The Cosmic Microwave Background (CMB) provides three strong but circumstantial pieces of evidence that the visible Universe was created by the superluminal inflation of a tiny volume of space:
- Near isotropy of the horizon
- Flatness of space
- Phase-synchronicity of acoustic oscillations in the early universe
The goal of better understanding the origins of the Universe requires probing this epoch of Inflation directly. The most promising probe of Inflation is the unique signature that the Gravitational Wave Background (GWB) imprints on the polarization of the CMB.
The amplitude of this signature depends on the energy-scale of Inflation. If the energy scale is typical of Grand Unification Theory (GUT, 10^16 GeV), the signature may be detectable.
The signature of the GWB-induced polarization is expected to be less than an rms amplitude of ~300 nK of the CMB; more than two orders of magnitude below the amplitude of the temperature anisotropies that have only recently been resolved over the full-sky by the Planck satellite.
Detection will require only modest angular resolution (~ 1 deg.), but will require long integration (~3 years) on a restricted (~3%) and contiguous patch of sky.
Photo credits JPL.
The six-month nights, extremely dry and stable weather, and the precise rotation of the sky about the zenith make South Pole Station the ideal terrestrial site for this ambitious project.
BICEP1 is a uniquely capable instrument for detecting the signature of the Gravitational Wave Background (GWB).
It began searching for the GWB in 2006 by:
- Pioneering an orders-of-magnitude improvement in this exciting new field
- Characterizing the diffuse astrophysical foregrounds which are of direct interest to Galactic astronomers
- Demonstrating new technologies and methodologies that promise to be of broad importance to millimeter-wave polarimetry
- Providing excellent training for graduate students and postdoctoral fellows in labs which have a very strong track-record in this regard.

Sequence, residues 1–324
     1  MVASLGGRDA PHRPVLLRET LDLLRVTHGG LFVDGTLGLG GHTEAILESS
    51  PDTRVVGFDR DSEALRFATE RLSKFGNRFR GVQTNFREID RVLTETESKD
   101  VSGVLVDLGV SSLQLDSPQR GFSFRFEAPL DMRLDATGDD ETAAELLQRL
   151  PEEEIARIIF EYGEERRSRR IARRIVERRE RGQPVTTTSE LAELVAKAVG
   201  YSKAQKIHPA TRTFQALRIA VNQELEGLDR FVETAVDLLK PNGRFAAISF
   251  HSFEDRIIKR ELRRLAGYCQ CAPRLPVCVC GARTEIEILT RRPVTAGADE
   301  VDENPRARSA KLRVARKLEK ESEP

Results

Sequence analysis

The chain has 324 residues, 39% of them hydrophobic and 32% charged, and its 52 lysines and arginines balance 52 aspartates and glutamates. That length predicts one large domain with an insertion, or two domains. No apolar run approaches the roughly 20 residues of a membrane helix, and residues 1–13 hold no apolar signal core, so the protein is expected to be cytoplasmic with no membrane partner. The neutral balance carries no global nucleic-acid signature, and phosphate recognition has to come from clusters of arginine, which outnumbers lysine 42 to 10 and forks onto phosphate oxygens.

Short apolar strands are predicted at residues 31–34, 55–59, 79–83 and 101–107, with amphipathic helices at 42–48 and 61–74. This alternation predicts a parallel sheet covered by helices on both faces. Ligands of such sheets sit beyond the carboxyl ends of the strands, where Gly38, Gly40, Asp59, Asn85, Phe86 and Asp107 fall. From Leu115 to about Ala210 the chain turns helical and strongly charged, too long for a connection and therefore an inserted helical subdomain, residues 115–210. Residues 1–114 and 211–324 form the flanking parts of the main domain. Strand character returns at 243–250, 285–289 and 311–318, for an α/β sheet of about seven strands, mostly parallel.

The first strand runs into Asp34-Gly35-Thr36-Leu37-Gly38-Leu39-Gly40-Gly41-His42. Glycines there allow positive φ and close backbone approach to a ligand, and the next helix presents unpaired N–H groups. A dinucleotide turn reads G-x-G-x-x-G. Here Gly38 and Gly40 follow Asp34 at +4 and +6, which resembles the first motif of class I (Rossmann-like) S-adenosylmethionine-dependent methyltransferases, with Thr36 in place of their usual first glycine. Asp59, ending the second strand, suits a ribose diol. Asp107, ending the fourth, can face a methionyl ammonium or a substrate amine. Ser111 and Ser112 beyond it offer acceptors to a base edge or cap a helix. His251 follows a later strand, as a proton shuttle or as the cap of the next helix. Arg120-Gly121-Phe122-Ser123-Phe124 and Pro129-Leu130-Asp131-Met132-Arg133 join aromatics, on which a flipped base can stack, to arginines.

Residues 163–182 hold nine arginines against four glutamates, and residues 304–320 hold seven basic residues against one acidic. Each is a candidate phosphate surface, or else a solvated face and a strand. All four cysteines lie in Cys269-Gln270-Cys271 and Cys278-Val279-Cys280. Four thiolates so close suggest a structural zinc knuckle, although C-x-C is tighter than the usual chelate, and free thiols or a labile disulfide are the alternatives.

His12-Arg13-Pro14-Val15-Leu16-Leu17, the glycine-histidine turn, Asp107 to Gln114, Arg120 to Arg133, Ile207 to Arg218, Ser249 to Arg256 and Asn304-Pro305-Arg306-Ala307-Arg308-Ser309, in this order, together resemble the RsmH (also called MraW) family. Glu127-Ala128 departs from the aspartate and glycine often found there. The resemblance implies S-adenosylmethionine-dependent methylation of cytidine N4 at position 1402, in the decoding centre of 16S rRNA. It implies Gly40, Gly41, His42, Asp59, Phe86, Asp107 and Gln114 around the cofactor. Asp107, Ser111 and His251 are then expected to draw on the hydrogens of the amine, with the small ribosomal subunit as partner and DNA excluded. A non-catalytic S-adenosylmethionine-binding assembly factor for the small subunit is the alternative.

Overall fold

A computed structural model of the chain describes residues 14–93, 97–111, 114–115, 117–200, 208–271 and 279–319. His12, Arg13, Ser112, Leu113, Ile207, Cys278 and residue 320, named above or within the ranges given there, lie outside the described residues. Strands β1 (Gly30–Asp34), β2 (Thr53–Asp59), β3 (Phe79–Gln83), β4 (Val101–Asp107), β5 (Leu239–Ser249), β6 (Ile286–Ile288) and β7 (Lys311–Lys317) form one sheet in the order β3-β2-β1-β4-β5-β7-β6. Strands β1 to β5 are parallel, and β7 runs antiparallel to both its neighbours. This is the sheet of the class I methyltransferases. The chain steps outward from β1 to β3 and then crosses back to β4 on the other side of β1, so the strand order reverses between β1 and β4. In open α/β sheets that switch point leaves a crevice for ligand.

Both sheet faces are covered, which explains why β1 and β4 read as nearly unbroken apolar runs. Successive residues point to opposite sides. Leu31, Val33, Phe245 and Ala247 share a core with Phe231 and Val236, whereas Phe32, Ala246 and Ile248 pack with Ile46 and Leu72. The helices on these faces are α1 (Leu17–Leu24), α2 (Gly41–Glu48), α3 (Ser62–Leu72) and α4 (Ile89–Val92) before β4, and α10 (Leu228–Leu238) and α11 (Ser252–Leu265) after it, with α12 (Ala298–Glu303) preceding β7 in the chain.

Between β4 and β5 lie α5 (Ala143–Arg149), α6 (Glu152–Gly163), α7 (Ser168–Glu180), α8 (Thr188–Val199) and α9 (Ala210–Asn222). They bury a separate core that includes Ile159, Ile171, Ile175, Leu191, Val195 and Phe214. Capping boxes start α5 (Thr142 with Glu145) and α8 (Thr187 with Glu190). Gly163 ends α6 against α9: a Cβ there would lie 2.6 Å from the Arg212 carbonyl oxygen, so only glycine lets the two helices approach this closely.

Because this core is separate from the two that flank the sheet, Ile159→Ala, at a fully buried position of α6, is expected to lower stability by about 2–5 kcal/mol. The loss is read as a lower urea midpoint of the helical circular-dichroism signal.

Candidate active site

Affliated Departments at UCSD
March 2014:Degree-scale Cosmic Microwave Background Polarization Measurements from Three Years of BICEP1 Data, Barkats, D.; et. al., published in The Astrophysical Journal.
December 2013:Self-Calibration of BICEP1 Three-Year Data and Constraints on Astrophysical Polarization Rotation, Kaufman, J. P.; et. al., published in Physics Review D.
March 2013:Scientific Verification of Faraday Rotation Modulators: Detection of Diffuse Polarized Galactic Emission, Moyerman, S.; et. al., published in The Astrophysical Journal.
November 2011:A Millimeter-wave Galactic Plane Survey with the BICEP Polarimeter, Bierman, E. M.; et. al., published in The Astrophysical Journal.
July 2010:Absolute polarization angle calibration using polarized diffuse Galactic emission observed by BICEP, Matsumura, T.; et. al., published in SPIE.
March 2010:Characterization of the BICEP Telescope for High-precision Cosmic Microwave Background Polarimetry, Takahashi, Y. D.; et. al., published in The Astrophysical Journal.
March 2010:Measurement of Cosmic Microwave Background Polarization Power Spectra from Two Years of BICEP Data, Chiang, H. C.; et. al., published in The Astrophysical Journal.
August 2008:CMB polarimetry with BICEP: instrument characterization, calibration, and performance, Takahashi, Y. D.; et. al., published in SPIE.
July 2006:The Robinson Gravitational Wave Background Telescope (BICEP): a bolometric large angular scale CMB polarimeter, Yoon, K. W.; et. al., published in SPIE.
February 2003:BICEP: a large angular scale CMB polarimeter, Keating, B. G.; et. al., published in SPIE.
Research and life at the South Pole can be difficult, but we've found ways to adapt.